"The Lord doesn't expect us to work harder than we are able. He doesn't (nor should we) compare our efforts to those of others. Our Heavenly Father asks only that we do the best we can—that we work according to our full capacity, however great or small that may be."Dieter F. Uchtdorf, "Two Principles for Any Economy," Ensign, Nov. 2009, 56
We live in a society were we are taught to not take responsibility for our actions. I have often heard people make statements about how they made choices because of the way they were raised. They did not have an ideal life, so it is not their fault that they were caught stealing, lying or cheating. Their parents did not love them enough, they did not have family home evening, or scripture study. They did not have friends. I could go on and on.
When are we accountable for our actions? I am not trying to take away the things that have happened to any of us. I know that some people live or have lived, in horrible circumstances. I know from personal experience that life is often hard and heart breaking. But, I do not understand how we can be so ready and willing to blame others for the difficulties that we have caused ourselves.
Sometimes, it seems to me that we can be in a real hurry to get the blame off of ourselves and give it to someone else. We are in such a hurry to not be accountable, that we fail to learn the lessons and receive the blessings that our Father has in store for us.
Think for a moment about the story of Nephi. We read a lot about him in the Book of Mormon. I would venture to say that 1st Nephi is probably one of the most read books of the scriptures! (I can't tell you how many times I have read through 1st Nephi because I started to have a scripture study program, only to come back and read it again much later because I stopped studying and had to start over!) Do you think that Nephi had a perfect family? I know his father was a prophet, but what about his brothers? Do you think that Nephi ever suffered from having a disfunctional family? I do! In our life today, what would happen if your older brothers tied you up for four days? Or beat you with a stick? Sounds just a little abusive to me. In today's society, it sounds like an excuse just waiting to happen!
I don't recall reading Nephi and hearing him complain that he couldn't be the prophet because his brothers treated him so badly. I don't recall hearing him complain that no one would listen to him. I don't recall hearing him complain when his bow broke and he had to make a new one that wasn't as good. I don't even recall him complaining when Heavenly Father told him to build a ship! (How would you like to build a ship when you have never in your life done anything like that before!)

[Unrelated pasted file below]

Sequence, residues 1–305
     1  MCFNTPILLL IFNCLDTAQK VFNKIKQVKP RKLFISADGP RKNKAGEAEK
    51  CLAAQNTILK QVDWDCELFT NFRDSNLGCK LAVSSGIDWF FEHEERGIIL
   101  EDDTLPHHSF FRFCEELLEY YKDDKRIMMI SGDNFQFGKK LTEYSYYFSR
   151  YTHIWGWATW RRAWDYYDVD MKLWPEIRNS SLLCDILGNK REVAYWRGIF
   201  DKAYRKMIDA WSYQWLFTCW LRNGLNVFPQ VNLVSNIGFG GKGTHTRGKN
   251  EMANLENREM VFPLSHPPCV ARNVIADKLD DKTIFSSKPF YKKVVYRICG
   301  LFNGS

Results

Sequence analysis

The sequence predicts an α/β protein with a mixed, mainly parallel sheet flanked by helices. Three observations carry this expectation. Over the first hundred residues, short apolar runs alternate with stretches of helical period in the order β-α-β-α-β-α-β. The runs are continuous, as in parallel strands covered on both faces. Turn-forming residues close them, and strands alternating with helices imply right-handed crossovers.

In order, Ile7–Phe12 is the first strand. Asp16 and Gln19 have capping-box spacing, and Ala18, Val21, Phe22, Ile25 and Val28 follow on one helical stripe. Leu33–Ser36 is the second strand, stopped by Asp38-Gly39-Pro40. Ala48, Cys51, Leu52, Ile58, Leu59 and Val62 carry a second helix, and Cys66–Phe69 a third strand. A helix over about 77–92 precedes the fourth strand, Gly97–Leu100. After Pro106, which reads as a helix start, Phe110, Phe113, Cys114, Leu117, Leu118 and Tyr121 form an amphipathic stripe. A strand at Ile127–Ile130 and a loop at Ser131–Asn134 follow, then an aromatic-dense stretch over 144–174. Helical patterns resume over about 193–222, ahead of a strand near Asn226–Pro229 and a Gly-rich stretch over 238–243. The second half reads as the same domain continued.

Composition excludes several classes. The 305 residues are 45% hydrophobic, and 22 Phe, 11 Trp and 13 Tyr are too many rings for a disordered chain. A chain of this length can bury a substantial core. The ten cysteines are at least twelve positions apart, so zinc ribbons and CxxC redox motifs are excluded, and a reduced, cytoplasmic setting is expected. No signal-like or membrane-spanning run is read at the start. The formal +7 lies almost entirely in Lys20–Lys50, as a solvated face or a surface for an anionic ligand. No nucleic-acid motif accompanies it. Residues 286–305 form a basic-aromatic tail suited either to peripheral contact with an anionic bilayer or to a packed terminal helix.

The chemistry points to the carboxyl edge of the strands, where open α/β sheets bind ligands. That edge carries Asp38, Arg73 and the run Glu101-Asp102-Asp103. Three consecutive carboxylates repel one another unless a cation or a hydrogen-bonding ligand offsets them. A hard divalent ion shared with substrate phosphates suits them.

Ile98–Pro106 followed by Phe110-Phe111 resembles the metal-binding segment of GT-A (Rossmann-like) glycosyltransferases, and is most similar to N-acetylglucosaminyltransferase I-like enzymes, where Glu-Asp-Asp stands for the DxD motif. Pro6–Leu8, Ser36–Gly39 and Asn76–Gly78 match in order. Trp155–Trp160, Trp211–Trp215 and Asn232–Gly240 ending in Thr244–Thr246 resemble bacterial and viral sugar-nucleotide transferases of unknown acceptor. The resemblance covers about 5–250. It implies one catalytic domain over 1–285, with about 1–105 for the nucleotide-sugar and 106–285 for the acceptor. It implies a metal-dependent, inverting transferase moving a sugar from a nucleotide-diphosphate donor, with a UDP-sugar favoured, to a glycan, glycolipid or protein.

I think that Heavenly Father put Nephi at the beginning of the scriptures to help us realize that no one has a perfect life. There are really none of us that have it "easy". It might appear that way to other people, but it is probably not at all true. We all have bad things happen to us. Some are worse than others. We can't change the things that happen, we can't change illness, we can't change the decisions of others, we can't change what is wrong in our life, but we still have a choice in how we deal with the situations.
Our free agency does not stop others from using their free agency to do us harm. Our free agency can only help us to deal with the problem that is presented to us. Am I going to be like Laman and Lemuel? Two bullies who complained when they did not get their own way and tried to force others to do things their way. Or am I going to be like Nephi and go and do the thing which the Lord has commanded me to do?
The choice in how I behave is up to me.
"I am responsible. Although I may not be able to prevent the worst from happening, I am responsible for my attitude toward the inevitable misfortunes that darken life. Bad things do happen; how I respond to them defines my character and the quality of my life. I can choose to sit in perpetual sadness, immobilized by the gravity of my loss, or I can choose to rise from the pain and treasure the most precious gift I have – life itself."